Heating Up: The Value of On-Site Renewable Energy to Petroleum Refineries
Why Battery Storage Makes “Cents” for Petroleum Refineries
Global demand for petrochemicals is surging and is projected to continue to grow at roughly 4% annually, driven by demand for plastic resins, films, and fibers.
At the same time, refiners are being tasked with lowering emissions due to stricter regulations around environmental responsibility.
An energy-intensive sector, refineries represent ~15% of industrial energy consumption in the United States and above 4% of energy consumption overall.
Taken together, these factors make refining an optimal sector for on-site renewable energy. On-site renewables lower operating costs and boost sustainability objectives at the same time. Further, they require no change to operations.
On-site battery energy storage systems, with or without solar PV, are an effective way to reduce refiners’ electricity costs while also reducing carbon footprints. A battery storage system can shave peak demand charges and provide energy arbitrage by charging during low-cost periods of the day when renewables are plentiful. When paired with solar PV (known as solar-plus-storage), industrial-scale batteries can discharge solar energy whether or not the sun is shining. Deploying onsite battery solutions may also allow the early retirement of increasingly more difficult-to-operate diesel gen-sets.
What is “Fueling” Refineries’ Motivation to Reduce Energy Costs and Carbon Emissions?
The large amount of power that is required for refining poses a concern: cost. The costs include energy charges and demand charges. Energy charges are based on the consumption of energy in kilowatt-hours (kWh) and prices can change depending on the time of the day, the day of the week, and the season. Demand charges are related to the rate of energy usage rather than the amount of energy used; they are calculated based on the maximum amount of power a customer uses at any given time within an interval (typically 15 minutes).
Utilities use demand charges to incentivize commercial and industrial customers to use energy at a steady, predictable rate to prevent shortages in generation and demand capacity. A flat-rate tariff without demand charges can also pose problems related to revenue instability, poor price signals, and subsidization of low-usage customers by high-usage ones. Due to their importance, demand charges typically comprise a significant portion of a customer’s utility bill.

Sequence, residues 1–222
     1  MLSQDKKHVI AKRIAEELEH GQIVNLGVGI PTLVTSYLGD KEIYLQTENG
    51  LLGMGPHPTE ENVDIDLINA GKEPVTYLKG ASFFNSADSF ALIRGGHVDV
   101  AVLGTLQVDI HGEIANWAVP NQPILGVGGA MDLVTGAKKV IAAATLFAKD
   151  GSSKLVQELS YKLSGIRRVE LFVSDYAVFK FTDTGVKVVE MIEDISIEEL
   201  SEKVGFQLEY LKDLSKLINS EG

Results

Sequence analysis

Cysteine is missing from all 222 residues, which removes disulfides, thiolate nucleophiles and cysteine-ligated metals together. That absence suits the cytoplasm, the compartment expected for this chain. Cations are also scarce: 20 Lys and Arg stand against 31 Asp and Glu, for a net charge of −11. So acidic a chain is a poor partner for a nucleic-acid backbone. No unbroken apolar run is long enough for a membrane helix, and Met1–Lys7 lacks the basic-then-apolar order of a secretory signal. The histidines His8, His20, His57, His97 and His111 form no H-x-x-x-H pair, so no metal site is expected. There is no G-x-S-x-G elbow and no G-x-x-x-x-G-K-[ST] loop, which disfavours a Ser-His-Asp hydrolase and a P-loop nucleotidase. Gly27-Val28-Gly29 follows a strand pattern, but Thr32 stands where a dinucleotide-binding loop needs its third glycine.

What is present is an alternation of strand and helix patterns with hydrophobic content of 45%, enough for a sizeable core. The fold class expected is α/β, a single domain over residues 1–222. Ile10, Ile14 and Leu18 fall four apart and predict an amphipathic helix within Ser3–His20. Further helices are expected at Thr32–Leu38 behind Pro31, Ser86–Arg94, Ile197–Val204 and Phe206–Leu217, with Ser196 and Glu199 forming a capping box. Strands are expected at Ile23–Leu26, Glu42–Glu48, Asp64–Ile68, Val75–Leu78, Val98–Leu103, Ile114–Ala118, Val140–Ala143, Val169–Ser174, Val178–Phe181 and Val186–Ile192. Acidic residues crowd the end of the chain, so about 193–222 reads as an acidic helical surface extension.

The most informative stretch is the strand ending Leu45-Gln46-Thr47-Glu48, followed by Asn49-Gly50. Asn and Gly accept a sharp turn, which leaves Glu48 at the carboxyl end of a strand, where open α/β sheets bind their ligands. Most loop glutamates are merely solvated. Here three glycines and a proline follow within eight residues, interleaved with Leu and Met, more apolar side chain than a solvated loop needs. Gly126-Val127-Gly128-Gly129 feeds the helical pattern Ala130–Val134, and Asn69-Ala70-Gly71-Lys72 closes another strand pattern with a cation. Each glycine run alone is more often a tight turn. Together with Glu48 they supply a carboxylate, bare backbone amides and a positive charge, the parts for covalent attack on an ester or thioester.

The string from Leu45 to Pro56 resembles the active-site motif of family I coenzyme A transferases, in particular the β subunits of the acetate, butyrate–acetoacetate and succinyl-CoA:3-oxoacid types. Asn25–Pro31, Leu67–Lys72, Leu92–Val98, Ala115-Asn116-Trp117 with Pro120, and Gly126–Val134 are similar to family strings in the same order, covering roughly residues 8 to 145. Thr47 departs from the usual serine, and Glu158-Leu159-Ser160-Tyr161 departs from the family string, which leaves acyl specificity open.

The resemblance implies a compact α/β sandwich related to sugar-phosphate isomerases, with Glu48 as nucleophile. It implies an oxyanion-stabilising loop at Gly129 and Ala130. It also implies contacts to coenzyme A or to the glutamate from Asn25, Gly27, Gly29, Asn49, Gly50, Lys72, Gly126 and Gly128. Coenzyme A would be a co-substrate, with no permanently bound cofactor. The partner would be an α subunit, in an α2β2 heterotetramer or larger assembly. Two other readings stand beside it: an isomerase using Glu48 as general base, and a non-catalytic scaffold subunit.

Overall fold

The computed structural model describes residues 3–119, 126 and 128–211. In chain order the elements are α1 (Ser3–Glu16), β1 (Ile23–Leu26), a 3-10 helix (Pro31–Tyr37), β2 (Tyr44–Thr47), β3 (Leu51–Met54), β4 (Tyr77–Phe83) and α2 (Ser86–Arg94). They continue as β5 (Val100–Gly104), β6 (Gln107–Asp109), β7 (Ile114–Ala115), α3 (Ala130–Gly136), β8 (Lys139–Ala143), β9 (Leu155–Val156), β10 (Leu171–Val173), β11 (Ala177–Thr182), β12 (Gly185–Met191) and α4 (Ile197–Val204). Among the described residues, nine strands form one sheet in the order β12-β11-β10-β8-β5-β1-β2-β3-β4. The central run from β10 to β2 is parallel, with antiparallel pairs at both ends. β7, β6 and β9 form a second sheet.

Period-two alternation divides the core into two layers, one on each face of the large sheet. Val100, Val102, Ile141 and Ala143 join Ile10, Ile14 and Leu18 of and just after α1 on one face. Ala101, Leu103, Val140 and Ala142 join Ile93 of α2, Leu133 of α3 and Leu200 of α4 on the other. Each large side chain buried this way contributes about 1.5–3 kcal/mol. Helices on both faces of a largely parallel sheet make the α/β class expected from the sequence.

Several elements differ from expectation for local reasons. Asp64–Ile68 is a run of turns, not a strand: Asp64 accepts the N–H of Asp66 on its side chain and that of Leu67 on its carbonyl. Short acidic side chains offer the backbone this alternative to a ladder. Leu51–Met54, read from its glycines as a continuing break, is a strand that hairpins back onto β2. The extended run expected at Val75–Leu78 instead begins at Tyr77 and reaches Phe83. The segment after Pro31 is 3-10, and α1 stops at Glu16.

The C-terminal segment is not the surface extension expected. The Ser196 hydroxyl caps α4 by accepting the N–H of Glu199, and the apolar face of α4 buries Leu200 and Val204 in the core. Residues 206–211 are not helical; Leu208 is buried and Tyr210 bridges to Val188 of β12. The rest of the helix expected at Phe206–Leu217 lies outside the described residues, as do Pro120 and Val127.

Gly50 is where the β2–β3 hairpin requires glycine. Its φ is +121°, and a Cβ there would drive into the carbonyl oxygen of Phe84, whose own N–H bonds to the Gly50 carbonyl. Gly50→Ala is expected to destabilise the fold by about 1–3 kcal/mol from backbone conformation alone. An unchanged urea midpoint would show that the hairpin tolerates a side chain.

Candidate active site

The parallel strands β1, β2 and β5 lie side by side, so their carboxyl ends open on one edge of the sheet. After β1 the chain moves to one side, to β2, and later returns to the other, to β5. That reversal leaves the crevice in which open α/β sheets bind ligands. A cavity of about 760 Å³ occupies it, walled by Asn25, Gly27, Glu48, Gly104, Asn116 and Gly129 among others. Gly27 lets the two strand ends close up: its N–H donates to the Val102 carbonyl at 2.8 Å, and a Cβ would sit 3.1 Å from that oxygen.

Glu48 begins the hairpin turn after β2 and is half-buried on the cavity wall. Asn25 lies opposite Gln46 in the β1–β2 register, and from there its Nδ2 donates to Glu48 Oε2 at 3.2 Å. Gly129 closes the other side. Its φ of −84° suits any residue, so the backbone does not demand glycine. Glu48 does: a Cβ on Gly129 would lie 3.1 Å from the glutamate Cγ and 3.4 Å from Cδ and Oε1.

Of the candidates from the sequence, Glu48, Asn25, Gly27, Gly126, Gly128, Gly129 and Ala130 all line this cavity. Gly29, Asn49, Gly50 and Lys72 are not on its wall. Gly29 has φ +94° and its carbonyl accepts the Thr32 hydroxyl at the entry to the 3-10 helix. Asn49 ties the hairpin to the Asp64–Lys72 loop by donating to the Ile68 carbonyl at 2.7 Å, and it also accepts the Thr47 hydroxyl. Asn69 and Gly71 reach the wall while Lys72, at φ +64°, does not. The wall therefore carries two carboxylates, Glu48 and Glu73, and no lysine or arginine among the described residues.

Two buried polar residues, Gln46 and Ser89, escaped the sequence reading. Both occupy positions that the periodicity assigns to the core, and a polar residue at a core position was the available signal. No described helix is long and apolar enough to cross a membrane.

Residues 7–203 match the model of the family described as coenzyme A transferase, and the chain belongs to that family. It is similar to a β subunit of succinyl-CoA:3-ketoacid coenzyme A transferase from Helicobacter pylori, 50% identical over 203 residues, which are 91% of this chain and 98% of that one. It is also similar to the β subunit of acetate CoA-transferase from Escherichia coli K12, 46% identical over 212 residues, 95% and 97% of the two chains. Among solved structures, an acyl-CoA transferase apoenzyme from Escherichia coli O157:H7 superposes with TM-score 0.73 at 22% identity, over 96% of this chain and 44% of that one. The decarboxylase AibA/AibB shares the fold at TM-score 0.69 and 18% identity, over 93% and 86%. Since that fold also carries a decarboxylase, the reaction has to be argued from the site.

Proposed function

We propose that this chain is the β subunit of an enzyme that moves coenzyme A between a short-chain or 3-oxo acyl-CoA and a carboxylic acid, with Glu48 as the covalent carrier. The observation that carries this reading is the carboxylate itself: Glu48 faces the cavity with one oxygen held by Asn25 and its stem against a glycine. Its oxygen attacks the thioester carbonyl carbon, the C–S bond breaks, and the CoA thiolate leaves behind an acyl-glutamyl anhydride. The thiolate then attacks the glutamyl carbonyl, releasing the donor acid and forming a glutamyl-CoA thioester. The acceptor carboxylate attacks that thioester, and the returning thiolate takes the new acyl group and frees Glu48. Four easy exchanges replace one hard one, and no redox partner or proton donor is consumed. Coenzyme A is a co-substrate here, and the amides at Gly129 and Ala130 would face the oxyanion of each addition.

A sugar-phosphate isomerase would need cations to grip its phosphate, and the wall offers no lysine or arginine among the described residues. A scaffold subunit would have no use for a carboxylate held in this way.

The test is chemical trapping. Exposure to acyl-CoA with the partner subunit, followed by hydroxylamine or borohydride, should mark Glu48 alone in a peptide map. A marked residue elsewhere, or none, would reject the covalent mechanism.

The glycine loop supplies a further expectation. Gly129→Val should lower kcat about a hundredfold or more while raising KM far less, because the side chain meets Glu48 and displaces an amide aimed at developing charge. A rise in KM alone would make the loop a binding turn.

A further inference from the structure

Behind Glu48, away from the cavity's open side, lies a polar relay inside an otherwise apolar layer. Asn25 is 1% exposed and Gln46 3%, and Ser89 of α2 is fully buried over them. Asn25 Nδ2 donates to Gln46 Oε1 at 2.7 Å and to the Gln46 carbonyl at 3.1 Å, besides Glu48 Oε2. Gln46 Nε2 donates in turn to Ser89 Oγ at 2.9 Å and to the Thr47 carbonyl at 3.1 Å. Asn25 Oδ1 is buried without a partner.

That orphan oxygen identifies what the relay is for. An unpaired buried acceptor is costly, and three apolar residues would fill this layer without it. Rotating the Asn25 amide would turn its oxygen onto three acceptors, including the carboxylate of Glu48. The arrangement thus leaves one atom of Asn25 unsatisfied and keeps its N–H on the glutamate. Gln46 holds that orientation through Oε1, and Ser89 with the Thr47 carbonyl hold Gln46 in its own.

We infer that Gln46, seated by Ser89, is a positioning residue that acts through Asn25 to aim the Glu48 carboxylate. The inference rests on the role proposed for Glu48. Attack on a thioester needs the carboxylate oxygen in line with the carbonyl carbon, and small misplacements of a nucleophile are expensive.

In addition to costs, there is another concern: meeting new environmental standards or corporate sustainability goals. Because the refining process is highly carbon-intensive, many refineries have made it a priority to adopt and pursue sustainable practices. For others, the cost to reduce emissions is both burdensome and expensive. The ability to reduce emissions without investing capital or altering operations is an attractive solution for refineries looking for the “low-hanging sustainable fruit.”
Background on Battery Energy Storage Systems
Energy storage, most often in the form of a battery energy storage system (BESS), is the linchpin of the clean energy transition.
Batteries turn chemical energy into electrical energy and vice versa, enabling utilities and power users to store energy for later use. Batteries are charged from the grid or a power generator and discharged later when energy prices are high, or grid power is unavailable. As the world increasingly looks to renewable resources and away from fossil fuels, energy storage can help bridge this energy transition.
First, battery storage can address the intermit nature of solar and wind power by capturing it upon generation, so renewable power can be used when it is needed and not only when it is generated. Battery storage can also serve the grid by quickly responding to large fluctuations in electrical demand, taking load off the grid and therefore making it more resilient and reliable. In places such as California where blackouts occur during summer months, battery storage can help meet demand during peak times.